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Title | Mechanics of machining with chamfered tools |
Creator |
Ren, Haikun |
Date Issued | 1998 |
Description | High speed machining of hardened steels is the recent preferred manufacturing technology in die and mold manufacturing technology. P20 tool steel is the most widely used material in injection molding dies, and its high speed-high productivity machining is the focus of this thesis. P20 has an average hardness of 35 Rc. High speed cutting of P20 is constrained by chatter vibrations, accelerated tool wear and chipping of cutting tool edges. The chamfered cutting tools are used in machining hardened steels due to their increased strength of cutting edges. An analytical model, which allows the evaluation of cutting forces, stress and temperature distribution for cutting tools with chamfered edges, is studied in this thesis. The cutting process is modeled at three distinct zones by extending the slip line field proposed by Oxley et al. [36]. The primary and secondary deformation zones are treated similar to the work of Oxley, but the flow stress characteristics of the work material are calibrated from orthogonal cutting tests, as opposed to high-speed compression or tensile tests. The chamfer zone is modeled by assuming dead metal trapped over the chamfered edge. The trapped metal is assumed to be stationary and the metal flows around it similar to the extrusion process. The contact between the rake face and chip is assumed to have equal sticking and sliding lengths, and the total contact length is measured experimentally. The flow stress of the material in all three zones are expressed as a function of temperature, strain and strain rate. The deformation and friction energy in all three zones are evaluated individually, and summed to find the total energy consumed in forming the chip. By applying the minimum energy principle to total energy consumed, an average shear angle in the primary shear deformation zone is predicted. The overall analytical model allows evaluation of stress, temperature and cutting forces contributed in each deformation zone for a given set of cutting conditions and chamfered cutting tool geometry. The predicated and experimental results obtained from orthogonal turning of P20 steel with ISO S10 carbide and Cubic Boron Nitride (CBN) tools agreed well. The model and experimental results indicate that the optimal chamfer angle is about -15 degrees, and optimal cutting speeds are about 240 m/min and 500 m/min for ISO S10 carbide and CBN tools, respectively. The model predicts a rake face temperature, which is just under the diffusion limit of binding materials for S10 and CBN tools at the optimal cutting speeds and chamfer angle. |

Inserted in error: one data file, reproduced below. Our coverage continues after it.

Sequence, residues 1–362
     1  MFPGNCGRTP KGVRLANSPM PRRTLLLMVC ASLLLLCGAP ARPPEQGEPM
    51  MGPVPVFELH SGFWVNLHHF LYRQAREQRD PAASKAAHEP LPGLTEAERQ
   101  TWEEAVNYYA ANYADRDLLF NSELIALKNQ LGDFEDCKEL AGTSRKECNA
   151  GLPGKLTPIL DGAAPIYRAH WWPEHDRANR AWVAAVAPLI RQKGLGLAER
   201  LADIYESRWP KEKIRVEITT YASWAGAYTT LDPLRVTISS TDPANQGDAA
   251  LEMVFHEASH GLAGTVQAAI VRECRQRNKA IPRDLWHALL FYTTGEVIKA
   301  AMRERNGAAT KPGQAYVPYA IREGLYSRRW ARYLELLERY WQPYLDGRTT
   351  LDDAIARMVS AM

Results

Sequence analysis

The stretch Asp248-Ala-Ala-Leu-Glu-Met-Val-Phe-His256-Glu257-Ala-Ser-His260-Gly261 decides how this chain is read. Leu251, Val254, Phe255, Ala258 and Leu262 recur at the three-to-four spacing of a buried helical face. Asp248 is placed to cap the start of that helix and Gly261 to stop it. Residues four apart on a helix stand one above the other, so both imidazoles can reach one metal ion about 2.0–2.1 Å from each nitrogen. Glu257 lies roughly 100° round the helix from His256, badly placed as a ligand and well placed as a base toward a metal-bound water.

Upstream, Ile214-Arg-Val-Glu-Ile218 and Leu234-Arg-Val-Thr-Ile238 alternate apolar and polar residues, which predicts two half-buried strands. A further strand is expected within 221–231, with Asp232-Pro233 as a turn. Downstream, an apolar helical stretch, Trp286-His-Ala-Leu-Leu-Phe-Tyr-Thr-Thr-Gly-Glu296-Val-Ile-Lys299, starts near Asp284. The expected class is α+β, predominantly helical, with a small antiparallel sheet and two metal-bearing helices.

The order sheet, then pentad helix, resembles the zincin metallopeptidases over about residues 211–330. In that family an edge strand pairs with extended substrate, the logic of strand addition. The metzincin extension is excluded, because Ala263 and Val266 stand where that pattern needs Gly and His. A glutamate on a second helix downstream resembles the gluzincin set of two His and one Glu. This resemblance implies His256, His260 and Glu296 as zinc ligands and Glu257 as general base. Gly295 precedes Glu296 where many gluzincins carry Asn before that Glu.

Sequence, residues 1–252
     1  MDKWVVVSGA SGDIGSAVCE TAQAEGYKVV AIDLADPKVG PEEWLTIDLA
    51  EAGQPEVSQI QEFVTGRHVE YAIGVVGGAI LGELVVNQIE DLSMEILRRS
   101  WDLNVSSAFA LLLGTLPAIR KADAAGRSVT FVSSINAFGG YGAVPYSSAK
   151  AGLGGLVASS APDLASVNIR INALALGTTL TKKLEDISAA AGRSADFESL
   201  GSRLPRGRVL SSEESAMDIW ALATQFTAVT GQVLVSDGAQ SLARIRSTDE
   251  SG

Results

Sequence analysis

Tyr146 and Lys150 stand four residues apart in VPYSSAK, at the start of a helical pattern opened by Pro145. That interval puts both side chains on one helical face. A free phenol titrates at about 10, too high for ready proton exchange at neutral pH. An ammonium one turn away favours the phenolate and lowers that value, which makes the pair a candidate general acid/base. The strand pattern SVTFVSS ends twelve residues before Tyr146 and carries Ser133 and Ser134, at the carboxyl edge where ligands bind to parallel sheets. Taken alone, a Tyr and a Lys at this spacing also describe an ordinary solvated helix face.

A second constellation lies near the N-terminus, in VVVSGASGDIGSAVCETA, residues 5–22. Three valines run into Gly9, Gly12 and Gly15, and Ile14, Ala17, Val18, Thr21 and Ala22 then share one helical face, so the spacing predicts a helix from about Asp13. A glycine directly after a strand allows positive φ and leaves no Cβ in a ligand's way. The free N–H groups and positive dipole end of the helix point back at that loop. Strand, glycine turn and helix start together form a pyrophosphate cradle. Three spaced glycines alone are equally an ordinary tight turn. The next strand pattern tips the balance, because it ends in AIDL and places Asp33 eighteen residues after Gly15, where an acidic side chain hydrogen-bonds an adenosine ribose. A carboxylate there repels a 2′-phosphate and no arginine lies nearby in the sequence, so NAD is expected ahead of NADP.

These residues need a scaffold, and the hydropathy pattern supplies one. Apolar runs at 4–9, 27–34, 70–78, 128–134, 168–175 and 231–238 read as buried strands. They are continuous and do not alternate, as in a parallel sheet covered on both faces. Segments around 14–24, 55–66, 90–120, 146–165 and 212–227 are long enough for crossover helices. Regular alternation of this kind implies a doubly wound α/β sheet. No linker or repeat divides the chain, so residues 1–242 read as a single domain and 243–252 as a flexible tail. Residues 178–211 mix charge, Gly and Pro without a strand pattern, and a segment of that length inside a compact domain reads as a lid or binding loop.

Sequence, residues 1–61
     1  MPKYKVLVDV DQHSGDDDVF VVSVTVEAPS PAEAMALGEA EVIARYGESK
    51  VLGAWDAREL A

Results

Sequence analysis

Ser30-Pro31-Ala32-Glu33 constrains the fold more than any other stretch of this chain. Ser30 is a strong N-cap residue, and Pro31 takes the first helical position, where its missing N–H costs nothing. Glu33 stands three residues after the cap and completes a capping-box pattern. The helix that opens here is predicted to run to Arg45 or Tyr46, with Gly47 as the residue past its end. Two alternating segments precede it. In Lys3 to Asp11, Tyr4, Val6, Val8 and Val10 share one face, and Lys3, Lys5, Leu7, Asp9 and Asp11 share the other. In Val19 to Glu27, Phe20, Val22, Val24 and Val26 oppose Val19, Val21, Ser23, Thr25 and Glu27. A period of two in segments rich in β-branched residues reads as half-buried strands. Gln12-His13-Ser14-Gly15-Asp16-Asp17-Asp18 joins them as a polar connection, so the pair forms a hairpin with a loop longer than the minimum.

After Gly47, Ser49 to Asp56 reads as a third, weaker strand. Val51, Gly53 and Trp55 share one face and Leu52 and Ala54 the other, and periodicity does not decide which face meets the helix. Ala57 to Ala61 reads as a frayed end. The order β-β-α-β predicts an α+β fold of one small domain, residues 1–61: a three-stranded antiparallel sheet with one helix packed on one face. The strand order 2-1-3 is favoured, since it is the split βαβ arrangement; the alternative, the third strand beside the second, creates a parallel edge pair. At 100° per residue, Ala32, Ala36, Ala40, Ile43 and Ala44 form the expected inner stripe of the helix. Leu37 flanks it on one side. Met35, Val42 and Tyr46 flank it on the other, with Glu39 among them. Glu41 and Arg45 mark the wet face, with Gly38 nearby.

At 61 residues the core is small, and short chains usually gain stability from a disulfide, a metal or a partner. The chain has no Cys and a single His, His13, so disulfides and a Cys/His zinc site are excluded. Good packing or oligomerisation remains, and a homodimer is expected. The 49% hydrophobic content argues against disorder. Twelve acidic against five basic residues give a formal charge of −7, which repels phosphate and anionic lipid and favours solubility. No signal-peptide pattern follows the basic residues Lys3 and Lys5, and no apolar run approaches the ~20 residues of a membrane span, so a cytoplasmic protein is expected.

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Language | eng |
Date Available | 2009-05-05 |
Provider | Vancouver : University of British Columbia Library |
Rights | For non-commercial purposes only, such as research, private study and education. Additional conditions apply, see Terms of Use https://open.library.ubc.ca/terms_of_use. |
DOI | 10.14288/1.0099254 |
URI | http://hdl.handle.net/2429/7880 |
Degree |
Master of Applied Science - MASc |
Program |
Mechanical Engineering |
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Applied Science, Faculty of Mechanical Engineering, Department of |
Degree Grantor | University of British Columbia |
Graduation Date | 1998-05 |
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Scholarly Level | Graduate |